FIGS. 6 and 7 depict a preferred embodiment of the connector assembly 6 of the present invention. FIG. 6 depicts the top cover 60 and bottom cover 62 forming the housing 34 of the connector assembly 6 assembled together. When assembled, a first gap or aperture 64 is located between the top and bottom covers. This first gap or aperture 64 receives a portion of the blister pack, preferably the blister pack corner 30. A second gap or aperture 66 is provided that optionally accepts a positive assembly/removal feature in the form of a button or a lever to facilitate assembly and removal of the header 8 from the connector assembly 6. In FIG. 7, the top cover 60 is removed, disclosing a circuit board 68 residing in a cavity 70 in the bottom cover. The circuit board 68 includes a first set of contacts 72 that reside within the cavity 70 and are enclosed within the housing 34 of the connector assembly when top cover 60 and bottom cover 62 are assembled together. Leads 74 extend to the exterior of the housing 34, or are readily accessible from the exterior of the housing, when the covers 60 and 62 are assembled together. Leads 74 and first set of contacts 72 are electrically connected to one another, each of the leads 74 electrically connected to a contact of the first set of contacts 72. The circuit board 68, as shown in FIG. 9, or the bottom cover 62 as shown in FIG. 7, further includes locating features, posts 76 in the preferred embodiment, that extend upward that are also visible in the assembled connector assembly, FIG. 6. As the locating features are used for location of the components during assembly, the specific component on which they are fabricated is not critical, as long as the top cover, bottom cover and blister board can be correctly located in relationship to one another. In a preferred embodiment, apertures 78 on bottom cover are also visible. A second cavity 80 in the bottom cover 62 lies adjacent leads.

FIG. 8 depicts a partial assembled connector assembly in the sequence of assembly operations. A blister pack 4 is assembled onto a bottom cover 62 and partially over circuit board 68 of connector assembly 6. The blister pack corner 30 is depicted having a plurality of apertures 82. The first side of blister pack 20 from which a plurality of compartments 24 extend is opposite the circuit board 68, while second side of blister pack 22 is placed down onto circuit board 68. Locating features, preferably apertures 82 on the blister pack corner 30, are dimensioned so that they mate with the locating features, preferably posts 76 on connector assembly bottom cover 62. The posts and apertures align the blister pack 4 with the circuit board 68 so that the pads on landing 32 on second side of blister pack 22 (not visible in FIG. 8) are brought into alignment with first set of contacts 72 within connector assembly 6. The blister pack corner 30 is captured in first gap 64 when top cover 60 is assembled over posts 76, thereby attaching it to bottom cover 62. The top cover and bottom cover can be attached by any convenient means. Top cover 60 can include apertures permitting it to be snap fit over the bottom cover 62 using posts 76 and the apertures. Alternatively other snap means can be molded into the top and bottom covers. If desired, a separate fastener can be assembled through mating apertures in the top and bottom covers to hold the top and bottom covers together. In this embodiment, the leads 74 are external to the connector assembly 6 so that a header 8 can be assembled to it.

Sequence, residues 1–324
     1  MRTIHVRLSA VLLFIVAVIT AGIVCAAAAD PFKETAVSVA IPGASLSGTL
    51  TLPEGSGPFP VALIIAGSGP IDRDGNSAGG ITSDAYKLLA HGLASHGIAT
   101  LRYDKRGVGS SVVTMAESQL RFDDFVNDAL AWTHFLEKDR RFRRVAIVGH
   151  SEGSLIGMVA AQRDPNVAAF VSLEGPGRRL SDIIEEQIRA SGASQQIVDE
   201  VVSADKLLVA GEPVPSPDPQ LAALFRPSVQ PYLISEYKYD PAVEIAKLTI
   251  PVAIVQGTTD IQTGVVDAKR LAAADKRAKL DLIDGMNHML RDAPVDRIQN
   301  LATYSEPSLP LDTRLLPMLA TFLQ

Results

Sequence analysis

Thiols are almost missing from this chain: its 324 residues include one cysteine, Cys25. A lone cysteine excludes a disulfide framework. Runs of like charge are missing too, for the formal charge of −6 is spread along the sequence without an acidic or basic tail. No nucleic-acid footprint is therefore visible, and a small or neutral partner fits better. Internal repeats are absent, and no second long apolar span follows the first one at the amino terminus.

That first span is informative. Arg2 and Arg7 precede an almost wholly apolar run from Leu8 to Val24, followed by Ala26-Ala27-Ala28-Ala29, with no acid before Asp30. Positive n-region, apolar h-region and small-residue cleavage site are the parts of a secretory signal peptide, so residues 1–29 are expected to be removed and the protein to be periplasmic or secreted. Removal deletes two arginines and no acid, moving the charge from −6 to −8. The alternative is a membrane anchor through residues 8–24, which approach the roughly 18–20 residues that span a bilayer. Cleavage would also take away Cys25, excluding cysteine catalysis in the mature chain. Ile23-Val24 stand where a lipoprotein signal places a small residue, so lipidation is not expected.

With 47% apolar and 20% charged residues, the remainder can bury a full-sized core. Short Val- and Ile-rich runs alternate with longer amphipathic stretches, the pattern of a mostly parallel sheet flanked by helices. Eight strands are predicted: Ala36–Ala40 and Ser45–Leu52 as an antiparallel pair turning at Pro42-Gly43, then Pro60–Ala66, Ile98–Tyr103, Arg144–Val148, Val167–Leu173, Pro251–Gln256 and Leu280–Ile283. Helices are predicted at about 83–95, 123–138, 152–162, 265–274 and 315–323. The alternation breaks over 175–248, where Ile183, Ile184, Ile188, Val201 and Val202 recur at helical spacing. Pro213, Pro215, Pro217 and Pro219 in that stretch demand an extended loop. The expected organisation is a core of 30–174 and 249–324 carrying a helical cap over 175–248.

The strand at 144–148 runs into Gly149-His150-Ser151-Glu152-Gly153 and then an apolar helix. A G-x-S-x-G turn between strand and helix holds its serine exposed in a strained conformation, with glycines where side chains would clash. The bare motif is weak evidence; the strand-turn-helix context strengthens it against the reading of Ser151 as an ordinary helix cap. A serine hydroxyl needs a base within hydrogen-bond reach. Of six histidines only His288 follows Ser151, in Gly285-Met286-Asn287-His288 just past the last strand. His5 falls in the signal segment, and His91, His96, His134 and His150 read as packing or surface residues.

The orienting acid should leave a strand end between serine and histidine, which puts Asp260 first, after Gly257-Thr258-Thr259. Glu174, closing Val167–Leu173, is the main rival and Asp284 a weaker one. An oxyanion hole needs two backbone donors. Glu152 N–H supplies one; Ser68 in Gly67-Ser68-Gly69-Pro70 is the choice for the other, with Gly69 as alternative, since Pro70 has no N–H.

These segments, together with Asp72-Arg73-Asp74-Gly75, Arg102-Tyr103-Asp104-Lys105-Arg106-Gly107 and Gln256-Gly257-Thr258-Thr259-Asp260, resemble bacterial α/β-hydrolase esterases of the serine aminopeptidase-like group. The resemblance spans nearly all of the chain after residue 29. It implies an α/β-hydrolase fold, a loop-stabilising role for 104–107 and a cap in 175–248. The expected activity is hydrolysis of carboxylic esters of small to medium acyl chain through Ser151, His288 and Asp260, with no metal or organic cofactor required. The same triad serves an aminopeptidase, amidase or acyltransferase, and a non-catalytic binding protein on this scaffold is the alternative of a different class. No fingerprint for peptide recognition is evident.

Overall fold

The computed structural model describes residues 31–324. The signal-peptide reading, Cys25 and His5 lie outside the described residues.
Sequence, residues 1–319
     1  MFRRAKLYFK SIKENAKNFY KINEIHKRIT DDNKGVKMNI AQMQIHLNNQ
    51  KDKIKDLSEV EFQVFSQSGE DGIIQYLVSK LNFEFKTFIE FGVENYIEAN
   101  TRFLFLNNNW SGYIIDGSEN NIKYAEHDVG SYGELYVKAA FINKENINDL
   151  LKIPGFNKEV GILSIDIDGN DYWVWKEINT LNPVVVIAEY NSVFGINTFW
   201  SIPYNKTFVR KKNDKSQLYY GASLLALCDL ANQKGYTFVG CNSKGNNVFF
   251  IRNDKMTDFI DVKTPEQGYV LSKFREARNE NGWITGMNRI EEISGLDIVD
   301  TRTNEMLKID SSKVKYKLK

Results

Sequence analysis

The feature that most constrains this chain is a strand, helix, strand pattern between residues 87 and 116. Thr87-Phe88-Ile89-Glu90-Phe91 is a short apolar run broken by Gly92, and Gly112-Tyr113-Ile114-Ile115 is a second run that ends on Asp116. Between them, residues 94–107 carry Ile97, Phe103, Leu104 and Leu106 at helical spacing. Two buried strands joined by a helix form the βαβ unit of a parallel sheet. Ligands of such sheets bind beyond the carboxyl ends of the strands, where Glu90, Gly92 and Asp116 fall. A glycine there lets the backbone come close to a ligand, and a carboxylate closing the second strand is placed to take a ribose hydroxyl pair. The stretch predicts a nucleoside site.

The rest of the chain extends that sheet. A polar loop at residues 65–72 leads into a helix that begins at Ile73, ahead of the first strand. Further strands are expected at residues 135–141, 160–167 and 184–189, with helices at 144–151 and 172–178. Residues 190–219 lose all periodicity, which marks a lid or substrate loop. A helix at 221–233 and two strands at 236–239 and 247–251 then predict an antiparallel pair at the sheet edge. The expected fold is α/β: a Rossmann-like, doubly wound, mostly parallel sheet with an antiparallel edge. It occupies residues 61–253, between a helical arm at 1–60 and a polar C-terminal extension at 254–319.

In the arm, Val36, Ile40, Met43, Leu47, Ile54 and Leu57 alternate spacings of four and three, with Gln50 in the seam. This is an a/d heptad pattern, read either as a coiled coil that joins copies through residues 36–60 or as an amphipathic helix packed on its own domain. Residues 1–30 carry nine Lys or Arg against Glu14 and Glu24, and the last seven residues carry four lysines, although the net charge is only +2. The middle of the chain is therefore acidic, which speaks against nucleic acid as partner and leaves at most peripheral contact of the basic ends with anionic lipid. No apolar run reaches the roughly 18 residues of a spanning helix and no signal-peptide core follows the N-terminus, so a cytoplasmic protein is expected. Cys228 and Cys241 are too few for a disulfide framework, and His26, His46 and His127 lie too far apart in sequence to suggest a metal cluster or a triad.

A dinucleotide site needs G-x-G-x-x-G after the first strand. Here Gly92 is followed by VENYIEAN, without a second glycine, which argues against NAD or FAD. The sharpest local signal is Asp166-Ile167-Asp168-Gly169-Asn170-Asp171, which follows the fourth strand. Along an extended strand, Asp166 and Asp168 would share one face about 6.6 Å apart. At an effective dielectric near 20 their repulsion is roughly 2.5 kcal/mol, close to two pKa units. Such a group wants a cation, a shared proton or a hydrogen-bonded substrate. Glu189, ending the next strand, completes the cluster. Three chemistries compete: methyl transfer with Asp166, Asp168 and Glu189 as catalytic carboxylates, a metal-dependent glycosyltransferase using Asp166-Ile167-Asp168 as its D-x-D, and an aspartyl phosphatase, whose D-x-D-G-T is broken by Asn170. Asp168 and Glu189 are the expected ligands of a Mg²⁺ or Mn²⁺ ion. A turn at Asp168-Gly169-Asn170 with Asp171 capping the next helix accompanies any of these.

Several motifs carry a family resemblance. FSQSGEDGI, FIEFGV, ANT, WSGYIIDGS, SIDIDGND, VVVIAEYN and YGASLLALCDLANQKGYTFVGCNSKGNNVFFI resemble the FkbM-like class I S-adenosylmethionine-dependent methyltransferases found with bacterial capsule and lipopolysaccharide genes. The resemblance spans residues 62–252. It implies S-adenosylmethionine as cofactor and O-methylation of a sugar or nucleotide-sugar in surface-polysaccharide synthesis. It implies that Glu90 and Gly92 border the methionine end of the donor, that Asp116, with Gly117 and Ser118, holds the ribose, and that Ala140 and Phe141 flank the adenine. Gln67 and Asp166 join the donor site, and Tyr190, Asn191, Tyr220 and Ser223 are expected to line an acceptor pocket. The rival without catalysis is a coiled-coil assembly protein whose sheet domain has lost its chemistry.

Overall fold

In another embodiment, the top cover and bottom cover can be molded as a single plastic piece with a plastic hinge intermediate the top cover and the bottom cover. The top cover can be folded along a bend line to bring the top cover proximate to the bottom cover to form a “living hinge.” The circuit board and blister pack can be located on features preformed onto the single plastic piece and then fastened together as described above. However, to further simplify the assembly of the top and bottom cover, a retaining device can be molded into the single plastic piece to secure the top cover to the bottom cover when brought into mating engagement. Any interference fit would supply the engagement, such as a snap fitting.

FIG. 10 is an exploded view of the connector assembly 6 of the present invention with the top cover 60 being assembled to the bottom cover 62. The blister board has been removed for clarity. Only FIG. 10A depicts separate fasteners 84, here snap fittings, used to fasten the connector assembly together while capturing the blister board therebetween. The use of fasteners is a significant aspect, since this permits the connector assembly 6 to be removed from an exhausted blister pack and reassembled to a new blister pack by simply removing and replacing fasteners 84. Leads 74 are positioned on the outside of the connector assembly 6.